The cover story of The Washingtonian’s April issue featured a great exploration of the area’s hidden gems. And while there was lots to discover, the list was unfortunately lacking in advice from the city’s style stars (sometimes there’s just not enough room for everything good in print). But never fear! We consulted a few of Washington’s top fashion folk for tips on where the in-the-know go.
Annie Lee, owner of Pretty People Vintage
“One of my favorite places is Treasure Trove. It’s in Annandale and owned by Inova Hospital—all proceeds go to the hospital. All of the doctors’ wives and the nurses who work for the hospital bring their stuff there. They have a great turnover—every couple of weeks, it’s like a brand new store. They have housewares, clothing, books, great jewelry, really beautiful paintings. It’s kind of like a high-end thrift store. They’re very discerning about what they take in, but the prices are still affordable. I’ve gotten so many things there: really great vintage dresses that little old ladies bring in, furniture, decorative accessories for my store. It’s next to a grocery store and has a very plain strip-mall storefront, but inside, it’s amazing.”
Marlene Hu Aldaba, owner of Hu's Shoes & Hu's Wear
"Chichie's Grooming Spa in Georgetown is one of my (and my dog Ginger's) favorite places in DC. This is no chain, it's a family owned pet grooming salon that offers personal attention to your furrier family members. Their approach to pet grooming is based on your pet's body type; they're almost like dog tailors. When we drop off Ginger, everyone knows her name, and it's a loving, calm space. You know your pet is in good hands if the Obamas trust them with Bo!
Carmen Lopez, owner of the Current Boutique chain
"A true hidden gem of mine is Dominion Jewelers, located in Falls Church, which specializes in custom-made jewelry. I had my grandmother's brooch turned into a cocktail ring and a diamond bracelet turned into drop earrings. I get tons of compliments on these pieces. Take them a picture, your inspiration, or a piece of heirloom jewelry, and they will make you a true conversation piece. On top of all of this, the jewelry is priced better than other chain jewelry stores for the same quality. The store is in a small office park that is very hard to miss. The interior is modest but functional with usually a half dozen or more jewelers hand-making jewelry while you watch--part of the experience. Finally, it's a family-owned business, so make sure you have a few extra minutes when you stop by because you may get introduced to everyone."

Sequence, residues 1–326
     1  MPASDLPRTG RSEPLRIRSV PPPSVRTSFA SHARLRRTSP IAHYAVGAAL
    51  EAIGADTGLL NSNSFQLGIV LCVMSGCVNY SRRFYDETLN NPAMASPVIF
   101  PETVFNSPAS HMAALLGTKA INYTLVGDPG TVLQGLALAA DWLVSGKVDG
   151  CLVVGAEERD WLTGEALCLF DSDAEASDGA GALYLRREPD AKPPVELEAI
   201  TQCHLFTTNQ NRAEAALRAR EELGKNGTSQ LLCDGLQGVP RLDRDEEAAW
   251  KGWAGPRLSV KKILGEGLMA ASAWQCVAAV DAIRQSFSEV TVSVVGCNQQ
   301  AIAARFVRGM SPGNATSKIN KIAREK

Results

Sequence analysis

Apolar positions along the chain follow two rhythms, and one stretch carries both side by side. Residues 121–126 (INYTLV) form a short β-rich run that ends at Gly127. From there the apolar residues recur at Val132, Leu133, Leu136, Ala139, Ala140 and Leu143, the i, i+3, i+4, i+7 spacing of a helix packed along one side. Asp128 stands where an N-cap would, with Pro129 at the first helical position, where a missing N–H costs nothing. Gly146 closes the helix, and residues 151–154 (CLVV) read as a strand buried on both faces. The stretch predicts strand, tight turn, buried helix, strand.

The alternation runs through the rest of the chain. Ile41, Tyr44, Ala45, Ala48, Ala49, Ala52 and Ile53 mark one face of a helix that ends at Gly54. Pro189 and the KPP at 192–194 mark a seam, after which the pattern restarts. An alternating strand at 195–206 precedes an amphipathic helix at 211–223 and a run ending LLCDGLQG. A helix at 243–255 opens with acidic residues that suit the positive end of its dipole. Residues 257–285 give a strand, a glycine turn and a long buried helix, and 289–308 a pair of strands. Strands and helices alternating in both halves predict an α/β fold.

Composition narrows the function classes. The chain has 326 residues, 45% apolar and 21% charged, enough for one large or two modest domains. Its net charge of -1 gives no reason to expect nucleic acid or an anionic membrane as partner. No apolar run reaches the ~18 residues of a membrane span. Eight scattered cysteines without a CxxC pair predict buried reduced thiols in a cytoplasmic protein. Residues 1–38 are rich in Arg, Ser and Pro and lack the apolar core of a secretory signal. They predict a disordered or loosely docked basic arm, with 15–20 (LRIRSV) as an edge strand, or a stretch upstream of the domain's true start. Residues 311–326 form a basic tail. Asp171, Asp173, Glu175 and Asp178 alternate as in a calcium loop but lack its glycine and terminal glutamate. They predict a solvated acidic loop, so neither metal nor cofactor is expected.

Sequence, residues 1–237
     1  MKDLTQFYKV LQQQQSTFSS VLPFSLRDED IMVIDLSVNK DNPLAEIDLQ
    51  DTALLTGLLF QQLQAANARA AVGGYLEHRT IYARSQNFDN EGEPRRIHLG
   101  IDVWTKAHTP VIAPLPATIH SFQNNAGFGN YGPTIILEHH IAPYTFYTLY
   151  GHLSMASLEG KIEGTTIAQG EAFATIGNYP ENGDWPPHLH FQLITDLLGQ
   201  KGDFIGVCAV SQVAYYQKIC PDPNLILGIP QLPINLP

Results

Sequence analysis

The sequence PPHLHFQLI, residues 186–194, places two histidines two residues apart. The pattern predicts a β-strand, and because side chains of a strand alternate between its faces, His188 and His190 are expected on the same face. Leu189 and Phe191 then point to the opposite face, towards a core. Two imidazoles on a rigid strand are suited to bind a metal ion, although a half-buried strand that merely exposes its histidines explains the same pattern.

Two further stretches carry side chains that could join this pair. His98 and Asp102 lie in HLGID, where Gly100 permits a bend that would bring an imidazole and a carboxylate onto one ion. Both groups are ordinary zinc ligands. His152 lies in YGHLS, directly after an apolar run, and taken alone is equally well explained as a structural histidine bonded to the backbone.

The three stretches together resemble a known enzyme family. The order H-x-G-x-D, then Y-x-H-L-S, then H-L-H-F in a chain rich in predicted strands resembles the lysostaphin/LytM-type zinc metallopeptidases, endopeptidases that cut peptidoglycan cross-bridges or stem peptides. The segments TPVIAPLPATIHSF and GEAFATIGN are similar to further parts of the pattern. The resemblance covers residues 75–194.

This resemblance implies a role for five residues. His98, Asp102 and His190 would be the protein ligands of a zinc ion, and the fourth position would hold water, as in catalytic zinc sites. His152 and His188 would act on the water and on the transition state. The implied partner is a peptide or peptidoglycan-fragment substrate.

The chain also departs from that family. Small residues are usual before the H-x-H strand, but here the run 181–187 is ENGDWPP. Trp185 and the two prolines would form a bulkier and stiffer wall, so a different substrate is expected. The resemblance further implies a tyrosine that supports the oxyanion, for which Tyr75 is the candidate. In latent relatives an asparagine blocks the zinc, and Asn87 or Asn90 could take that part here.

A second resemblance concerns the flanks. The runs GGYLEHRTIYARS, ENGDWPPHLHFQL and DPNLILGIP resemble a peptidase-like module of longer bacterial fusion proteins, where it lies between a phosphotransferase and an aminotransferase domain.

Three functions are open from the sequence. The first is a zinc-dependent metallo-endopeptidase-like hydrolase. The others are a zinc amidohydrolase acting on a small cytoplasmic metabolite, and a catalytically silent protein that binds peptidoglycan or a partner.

Anna Kahoe, owner of Goodwood
"Shop-wise, I love Nana in Mount Pleasant. [Owner] Jackie Flanagan is super-innovative, and the shop is approachable, friendly, and in a cool setting. Her organic cottons are actually affordable, and I find myself wearing the retro, '60s-inspired shift dresses year round. And I love that it's in Mount Pleasant, which is one of the cutest streets in DC. It looks like Main Street America."
Angela Newnam, Founder of Knock Out Panties
"The best seamstress in Washington is Lorraine Cully at Lorraine's Sewing Center in Georgetown. Not only can she do designer clothing, but she makes Knock Out's new product prototypes."
Kyle Barber, owner of Duo and designer of the Hippie Chic jewelry line
"I hit all the thrift stores in the area--it's cool to have a story attached to the beads [in the Hippie Chic pieces]. I like Unique Thrift Store in Falls Church the best because it has the biggest turnover. I go a lot--like once a week--to pick up clip-on earrings, embellishments, bracelets, and children's jewelry to add to my own pieces."
Gretchen Hitchner, owner of Ginger, Bethesda
"My hidden gem is Combat Balm, the moisturizer/fix-everything homemade balm, which is a part of the Skincando skin-care line started by DC native Sara Demelio. I'm a snob when it comes to skin cream--I use La Mer and Revive on my face, and my mother routinely buys me the latest and greatest in skin care--but Sara convinced me to give Combat Balm a try, and now we sell it at Ginger. And every day, our tester jar gets emptied because we're slathering her creams on our dry hands and elbows. While the balm goes on slightly greasy, just give it a minute to soak in and your skin feels so soft and smooth. It's been a great discovery."
Jayne Sandman, principal at BrandLinkDC
"I'm always looking for unique items, especially when it comes to accessories. I can't wait for the Styleliner to make its first stop in DC this May. I first heard about this mobile treasure trove from friends in New York, where it has a cult following, and they say the converted bus is stuffed with one-of-a-kind accessories mostly from smaller European designers."